A statewide hunger assessment has found Oklahoma leaves $404.5 million in federal assistance on the table each year.
The additional funding would go a long way in helping more than 650,000 Oklahomans who wonder where their next meal will come from. According to the USDA, 15.5 percent of Oklahoma households experience food insecurity. That’s a higher rate than the national average.
Hunger Free Oklahoma Executive Director Chris Bernard said to get that extra funding, Oklahoma needs higher participation in several programs, especially the Supplemental Nutrition Assistance Program.
"The way a lot of them work is they're reimbursement. So, you can't just say, 'I want that money,' and it comes. You have to be serving the people and then get the money," Bernard said.
Besides SNAP, the Hunger Free Oklahoma assessment identifies the Special Supplemental Nutrition Program for Women, Infants and Children, and child nutrition programs providing breakfast, lunch, after-school and summer meals as areas the state can boost participation and bring in more funding.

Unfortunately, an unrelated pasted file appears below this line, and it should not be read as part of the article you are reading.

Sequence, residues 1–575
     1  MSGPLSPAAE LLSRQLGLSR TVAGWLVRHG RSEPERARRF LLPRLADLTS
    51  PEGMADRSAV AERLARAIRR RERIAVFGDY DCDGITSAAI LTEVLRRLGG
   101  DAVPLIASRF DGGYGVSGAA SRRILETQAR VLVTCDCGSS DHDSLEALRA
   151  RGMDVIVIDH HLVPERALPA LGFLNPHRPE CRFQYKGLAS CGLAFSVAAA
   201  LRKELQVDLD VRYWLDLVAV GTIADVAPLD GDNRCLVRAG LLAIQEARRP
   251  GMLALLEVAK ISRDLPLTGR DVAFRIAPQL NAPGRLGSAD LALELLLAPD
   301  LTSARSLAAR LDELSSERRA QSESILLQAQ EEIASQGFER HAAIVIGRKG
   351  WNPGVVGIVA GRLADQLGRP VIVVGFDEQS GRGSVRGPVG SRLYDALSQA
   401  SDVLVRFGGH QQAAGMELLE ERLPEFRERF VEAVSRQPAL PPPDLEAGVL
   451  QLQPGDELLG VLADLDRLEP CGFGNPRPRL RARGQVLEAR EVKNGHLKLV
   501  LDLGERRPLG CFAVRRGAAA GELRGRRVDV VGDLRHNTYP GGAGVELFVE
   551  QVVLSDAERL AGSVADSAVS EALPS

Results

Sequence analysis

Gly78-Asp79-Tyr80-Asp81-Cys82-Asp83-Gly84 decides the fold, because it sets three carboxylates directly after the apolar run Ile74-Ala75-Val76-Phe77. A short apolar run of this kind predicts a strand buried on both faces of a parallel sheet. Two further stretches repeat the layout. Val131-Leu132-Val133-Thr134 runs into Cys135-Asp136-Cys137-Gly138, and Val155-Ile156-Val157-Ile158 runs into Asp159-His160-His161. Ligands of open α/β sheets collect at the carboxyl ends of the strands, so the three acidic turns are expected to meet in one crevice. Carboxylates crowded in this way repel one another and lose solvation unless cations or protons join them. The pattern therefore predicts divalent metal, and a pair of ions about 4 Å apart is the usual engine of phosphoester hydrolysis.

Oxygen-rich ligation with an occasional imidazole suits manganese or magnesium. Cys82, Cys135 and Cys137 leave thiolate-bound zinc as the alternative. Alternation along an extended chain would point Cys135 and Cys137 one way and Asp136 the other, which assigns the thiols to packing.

"I meet every day with people who run after-school programs or summer programs for kids ... who have no idea that there are resources out there that could be providing food for all the kids, allowing them to use their scarce resources to directly serve the kids instead of paying for food," Bernard said.
Going hungry means infants fall behind in brain development, older kids underachieve at school, and adults get sick or can’t work toward a better job.
"All of these things sort of add up and compile to have major negative impacts on our state outcomes in academic achievement, economic performance," Bernard said.
Hunger Free Oklahoma's assessment said hunger costs the state more than $1.5 billion a year. The organization will work with public and private organizations to boost awareness of the help that’s out there for hungry people.